But productivity has greatly expanded. For example, up until quite recently, as history goes, 95% of the population was committed to raising food, so that 5% or less could live in cities and have an urban culture. Today, in the industrialized nations, the proportions are reversed. Less than 5% of the population produces more than enough food to feed the rest of the nation. Even if we turned to fully organic methods of farming, the proportion of those who have to do farm work will be much smaller than they have been for most of history. It has finally become possible to have a society which satisfies the needs and wants of all its members, under socialism.

“Production by freely associated men [note]…,” wrote Marx, “demands for society a certain material groundwork or set of conditions for existence which in their turn are the spontaneous product of a long and painful process of development” (p. 92). 

Similarly Kropotkin wrote that in the past, “…the power of production of food-stuffs and of all industrial commodities had not yet reached the perfection they have attained now. …Communism was truly considered as equivalent to general poverty and misery, and well-being was…accessible to a very small number only. But this quite real and extremely important obstacle to communism exists no more. Owing to the immense productivity of human labor…a very high degree of well-being can easily be obtained n a few years by communist work” (2002; p. 172).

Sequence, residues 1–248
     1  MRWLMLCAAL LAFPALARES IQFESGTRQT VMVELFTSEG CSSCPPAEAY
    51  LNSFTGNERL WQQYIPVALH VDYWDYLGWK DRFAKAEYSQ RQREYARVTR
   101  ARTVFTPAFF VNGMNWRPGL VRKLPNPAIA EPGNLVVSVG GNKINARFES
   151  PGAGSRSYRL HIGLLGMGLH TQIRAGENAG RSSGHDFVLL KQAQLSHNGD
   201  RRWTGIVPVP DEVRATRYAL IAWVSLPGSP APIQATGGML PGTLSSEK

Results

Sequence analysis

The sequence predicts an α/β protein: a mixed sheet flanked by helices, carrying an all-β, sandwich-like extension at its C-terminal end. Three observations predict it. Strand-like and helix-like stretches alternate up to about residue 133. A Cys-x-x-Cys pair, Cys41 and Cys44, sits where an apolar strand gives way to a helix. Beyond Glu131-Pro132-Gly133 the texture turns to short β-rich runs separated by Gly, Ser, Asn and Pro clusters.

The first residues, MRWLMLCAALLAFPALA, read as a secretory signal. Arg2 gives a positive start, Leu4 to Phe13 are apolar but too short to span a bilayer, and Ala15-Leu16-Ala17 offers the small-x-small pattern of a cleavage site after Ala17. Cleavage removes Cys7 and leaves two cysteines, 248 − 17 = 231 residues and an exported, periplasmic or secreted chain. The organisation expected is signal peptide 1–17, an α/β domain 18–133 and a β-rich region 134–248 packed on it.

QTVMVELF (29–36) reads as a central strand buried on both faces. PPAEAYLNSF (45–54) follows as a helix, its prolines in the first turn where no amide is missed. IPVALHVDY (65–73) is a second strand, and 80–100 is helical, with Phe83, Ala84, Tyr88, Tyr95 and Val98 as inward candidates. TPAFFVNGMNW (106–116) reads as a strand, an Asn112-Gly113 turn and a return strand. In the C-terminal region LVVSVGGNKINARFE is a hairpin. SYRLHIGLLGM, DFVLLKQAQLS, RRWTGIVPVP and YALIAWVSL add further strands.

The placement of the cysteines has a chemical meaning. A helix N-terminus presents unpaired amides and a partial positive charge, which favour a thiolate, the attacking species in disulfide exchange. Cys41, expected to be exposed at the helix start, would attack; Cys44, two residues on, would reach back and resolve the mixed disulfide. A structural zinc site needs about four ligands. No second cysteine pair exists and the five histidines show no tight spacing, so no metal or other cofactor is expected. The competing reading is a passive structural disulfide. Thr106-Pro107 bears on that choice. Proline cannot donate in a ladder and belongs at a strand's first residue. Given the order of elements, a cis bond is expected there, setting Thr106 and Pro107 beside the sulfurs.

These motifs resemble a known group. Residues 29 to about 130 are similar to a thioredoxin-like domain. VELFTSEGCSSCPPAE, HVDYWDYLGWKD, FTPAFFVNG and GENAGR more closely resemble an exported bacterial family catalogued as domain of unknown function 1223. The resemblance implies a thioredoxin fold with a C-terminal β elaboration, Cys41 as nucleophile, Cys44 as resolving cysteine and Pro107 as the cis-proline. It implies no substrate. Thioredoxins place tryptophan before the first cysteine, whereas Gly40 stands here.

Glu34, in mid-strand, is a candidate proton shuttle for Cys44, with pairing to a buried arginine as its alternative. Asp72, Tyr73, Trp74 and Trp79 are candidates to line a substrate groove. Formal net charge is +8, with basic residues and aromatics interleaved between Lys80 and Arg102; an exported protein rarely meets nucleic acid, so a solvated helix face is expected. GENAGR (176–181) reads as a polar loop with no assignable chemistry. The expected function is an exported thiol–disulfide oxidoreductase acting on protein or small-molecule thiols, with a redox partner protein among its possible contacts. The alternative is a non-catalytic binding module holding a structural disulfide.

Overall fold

This concept of Marx’s and Kropotkin’s cannot be proven or disproven (without access to an alternate universe). I hope it is true. If it is not true—if it was possible to achieve socialism any time since people began agriculture 10 thousand years ago—then humans have been failing to create socialism for 10 thousand years. This does not make our future chances look good. But if socialist freedom has only been possible for a century or two at most, due to the development at last of the necessary “material groundwork,” then this is not a long time as history goes. It suggests that we still have a chance to create a free and cooperative society–before catastrophe overtakes us.

The available chapters are quite interesting. They can be found here, here, here, here, here, although it’s hardly all the book.